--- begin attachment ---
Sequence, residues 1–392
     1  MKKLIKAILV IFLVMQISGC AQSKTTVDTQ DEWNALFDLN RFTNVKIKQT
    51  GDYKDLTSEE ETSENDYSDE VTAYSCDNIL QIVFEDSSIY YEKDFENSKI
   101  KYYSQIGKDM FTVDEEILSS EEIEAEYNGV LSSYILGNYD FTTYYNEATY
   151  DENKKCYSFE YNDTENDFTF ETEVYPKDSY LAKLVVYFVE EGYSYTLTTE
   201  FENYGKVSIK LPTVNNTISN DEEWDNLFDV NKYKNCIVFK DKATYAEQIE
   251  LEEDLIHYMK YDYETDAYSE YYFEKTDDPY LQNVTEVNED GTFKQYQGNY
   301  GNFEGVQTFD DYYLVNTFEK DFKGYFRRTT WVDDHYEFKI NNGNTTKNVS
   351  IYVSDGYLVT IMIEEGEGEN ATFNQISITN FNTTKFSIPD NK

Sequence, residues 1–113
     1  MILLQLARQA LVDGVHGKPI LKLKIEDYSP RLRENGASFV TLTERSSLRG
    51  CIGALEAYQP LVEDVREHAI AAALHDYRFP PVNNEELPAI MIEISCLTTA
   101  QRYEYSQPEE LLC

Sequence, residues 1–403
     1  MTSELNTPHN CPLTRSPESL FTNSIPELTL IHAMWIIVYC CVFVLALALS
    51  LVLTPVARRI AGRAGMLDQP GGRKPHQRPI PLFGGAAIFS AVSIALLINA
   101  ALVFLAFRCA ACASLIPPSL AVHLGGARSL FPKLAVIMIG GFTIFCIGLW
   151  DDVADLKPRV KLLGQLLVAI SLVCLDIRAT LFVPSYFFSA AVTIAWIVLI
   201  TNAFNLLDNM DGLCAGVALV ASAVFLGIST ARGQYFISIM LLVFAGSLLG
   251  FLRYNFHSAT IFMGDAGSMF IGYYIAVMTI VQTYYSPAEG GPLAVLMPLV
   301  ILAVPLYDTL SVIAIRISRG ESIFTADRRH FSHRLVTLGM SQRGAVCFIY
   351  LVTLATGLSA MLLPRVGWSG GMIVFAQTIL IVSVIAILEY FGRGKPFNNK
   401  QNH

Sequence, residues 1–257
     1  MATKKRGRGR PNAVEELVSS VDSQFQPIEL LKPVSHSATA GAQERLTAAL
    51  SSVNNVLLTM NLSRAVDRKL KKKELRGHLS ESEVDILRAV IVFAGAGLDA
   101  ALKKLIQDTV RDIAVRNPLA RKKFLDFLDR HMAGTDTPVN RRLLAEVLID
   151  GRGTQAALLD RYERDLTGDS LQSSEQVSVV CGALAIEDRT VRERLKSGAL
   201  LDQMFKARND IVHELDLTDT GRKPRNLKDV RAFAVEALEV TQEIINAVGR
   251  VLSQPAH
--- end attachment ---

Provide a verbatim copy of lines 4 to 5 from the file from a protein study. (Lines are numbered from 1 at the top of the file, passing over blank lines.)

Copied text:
   101  KYYSQIGKDM FTVDEEILSS EEIEAEYNGV LSSYILGNYD FTTYYNEATY
   151  DENKKCYSFE YNDTENDFTF ETEVYPKDSY LAKLVVYFVE EGYSYTLTTE